Sunday, September 17, 2017

Fwd: Watching box sets with your partner can benefit your relationship

I have posted TED talks, Eric Barker's Barking Up the Wrong Tree and Maria Popova's Brainpickings, all free and all good and all can be subscribed for once a week delivery.  You could add BPS Research.  That is the British Psychological Society's research newsletter.  You may know that psych research is undergoing some special stress these days since quite a lot of the American stuff has not replicated, not shown the same results upon re-doing the research.  So, I say take research results with a grain of thought.  Bill
---------- Forwarded message ----------
From: BPS Research Digest <>
Date: Thu, Sep 14, 2017 at 1:32 AM
Subject: Watching box sets with your partner can benefit your relationship

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Watching box sets with your partner can benefit your relationship, claim researchers

My wife and I were ridiculously excited about watching the recent season finale of Game of Thrones together, writes Christian Jarrett – we'd watched all the previous 66 episodes together too, and the characters almost feel a part of our lives. Spending our time this way has always seemed like a guilty pleasure, but a team of psychologists led by Sarah Gomillion at the University of Aberdeen say that couples' shared enjoyment of TV, movies and books can help foster feelings of closeness and a shared social identity. Continue reading →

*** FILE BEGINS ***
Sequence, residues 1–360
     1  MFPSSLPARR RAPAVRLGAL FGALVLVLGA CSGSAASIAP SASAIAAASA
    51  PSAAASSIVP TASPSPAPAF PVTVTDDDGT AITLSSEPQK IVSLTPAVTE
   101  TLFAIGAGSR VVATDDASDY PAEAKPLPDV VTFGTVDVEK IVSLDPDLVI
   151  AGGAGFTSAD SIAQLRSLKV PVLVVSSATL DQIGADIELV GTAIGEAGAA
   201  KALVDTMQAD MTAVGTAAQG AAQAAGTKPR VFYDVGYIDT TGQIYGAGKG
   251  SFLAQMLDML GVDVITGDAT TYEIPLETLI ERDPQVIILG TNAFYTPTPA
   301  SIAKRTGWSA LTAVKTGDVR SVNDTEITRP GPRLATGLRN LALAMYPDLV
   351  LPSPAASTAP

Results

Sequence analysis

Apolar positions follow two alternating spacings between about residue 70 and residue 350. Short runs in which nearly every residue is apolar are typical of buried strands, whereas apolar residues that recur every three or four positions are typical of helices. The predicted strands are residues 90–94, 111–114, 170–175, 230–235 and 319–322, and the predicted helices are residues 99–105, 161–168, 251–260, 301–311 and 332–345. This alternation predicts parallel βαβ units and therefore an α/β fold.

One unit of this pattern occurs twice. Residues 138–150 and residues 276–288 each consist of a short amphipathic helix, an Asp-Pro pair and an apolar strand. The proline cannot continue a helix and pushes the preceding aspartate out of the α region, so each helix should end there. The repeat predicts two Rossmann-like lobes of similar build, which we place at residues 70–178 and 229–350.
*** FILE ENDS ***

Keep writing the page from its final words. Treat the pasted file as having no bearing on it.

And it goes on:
Believing widely doubted conspiracy theories satisfies some people's need to feel special

Unrelenting faith in the face of insurmountable contradictory evidence is a trait of believers in conspiracy theories that has long confounded researchers. For instance, past research has demonstrated how attempting to use evidence to sway believers of anti-vaccine conspiracy theories can backfire, increasing their certainty in the conspiracy. Could it also be the case that knowing that most people doubt a conspiracy actually makes believing in it more appealing, by fostering in the believer a sense of being somehow special? This question was explored recently in the European Journal of Social Psychology by Roland Imhoff and Pia Karoline Lamberty at Johannes Gutenberg University in Mainz, Germany. Continue reading →

How short-term increases in testosterone change men's thinking style

The hot-headed "macho man", who acts first and thinks later, has long been popular in movies. Now there's psychological evidence to support it. A new study in the Psychological Science finds that a short-term rise in testosterone – as might occur when in the presence of an attractive potential mate, or during competition – shifts the way men think, encouraging them to rely on quick, intuitive, and generally less accurate, judgements, rather than engaging in careful, more deliberate thought. Continue reading →

Learning more about yourself could help you better understand others